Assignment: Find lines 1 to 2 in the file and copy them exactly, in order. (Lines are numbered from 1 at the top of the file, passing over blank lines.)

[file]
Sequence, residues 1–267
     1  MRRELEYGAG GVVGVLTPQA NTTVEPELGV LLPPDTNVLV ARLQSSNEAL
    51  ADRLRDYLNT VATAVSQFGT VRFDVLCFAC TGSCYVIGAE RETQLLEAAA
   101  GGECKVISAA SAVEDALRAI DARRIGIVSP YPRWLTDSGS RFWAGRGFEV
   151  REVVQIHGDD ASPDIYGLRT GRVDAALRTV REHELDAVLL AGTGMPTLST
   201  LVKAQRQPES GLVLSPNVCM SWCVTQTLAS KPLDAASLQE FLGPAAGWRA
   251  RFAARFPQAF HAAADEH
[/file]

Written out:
Sequence, residues 1–267
     1  MRRELEYGAG GVVGVLTPQA NTTVEPELGV LLPPDTNVLV ARLQSSNEAL